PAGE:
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Teaching English in untracked classrooms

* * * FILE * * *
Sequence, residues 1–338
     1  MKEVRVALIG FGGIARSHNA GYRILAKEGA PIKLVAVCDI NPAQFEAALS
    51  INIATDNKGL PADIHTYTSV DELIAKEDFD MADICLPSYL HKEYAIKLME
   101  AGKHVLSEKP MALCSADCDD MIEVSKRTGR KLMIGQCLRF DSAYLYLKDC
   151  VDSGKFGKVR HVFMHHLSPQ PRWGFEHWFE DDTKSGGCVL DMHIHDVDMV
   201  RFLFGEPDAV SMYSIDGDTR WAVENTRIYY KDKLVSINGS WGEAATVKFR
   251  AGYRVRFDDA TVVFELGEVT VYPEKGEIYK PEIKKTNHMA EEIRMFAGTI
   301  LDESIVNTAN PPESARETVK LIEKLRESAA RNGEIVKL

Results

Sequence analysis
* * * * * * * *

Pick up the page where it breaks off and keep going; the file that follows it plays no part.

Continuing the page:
This teacher-researcher/university-researcher collaboration focuses on teaching and learning in untracked English classes, but has implications for all classrooms where students have different needs. We primarily examine the teacher-researcher's (Delp's) eighth-grade untracked English class but also include data from a group of beginning teachers learning to teach in similar settings. In the end, we challenge previous findings about teaching and learning in untracked English classes and raise issues about the theories that guide such work as well as the relationship between theory and practice. In the context of strong student growth across achievement levels and ethnic groups, we found that the activity system in Delp's classroom differed markedly from what is usually recommended for teaching heterogeneous groups. Instead of teacher-organized small groups (as in cooperative learning or complex instruction), Delp relied on whole-group, multimodal activities and one-on-one teacher-student interactions during group activities. We hypothesize that the activity system is not critical in deciding how best to teach in untracked classrooms. More important is a set of underlying principles, rooted in Vygotskian and Bakhtinian theory, which support the activity system. The principles include (a) building a long-term curriculum that promotes the recycling of structures and ideas, with room for ever-deepening levels of complexity; (b) considering learners to be in control of their learning and building structures that support them in challenging themselves; (c) building a learning community that respects and makes productive use of diverse contributions from varied learners; (d) providing opportunities for diverse ways of learning, (e) providing support to individuals as needed, (f) challenging all students, (g) keeping learners actively involved. This analysis of Delp's teaching and her students' learning further shows how Vygotsky's "zone of proximal development" functions within a whole-class context, where students are involved at their different levels and where the teacher plays an active role in tailoring instruction to these levels, both through the whole-class activity system and through the ongoing one-on-one interactions. Finally, the analysis explores how notions of development across long stretches of time can help teachers see and understand growth for an academically and socioculturally diverse group of adolescent students, growth that includes intellectual as well as ethical and emotional components.

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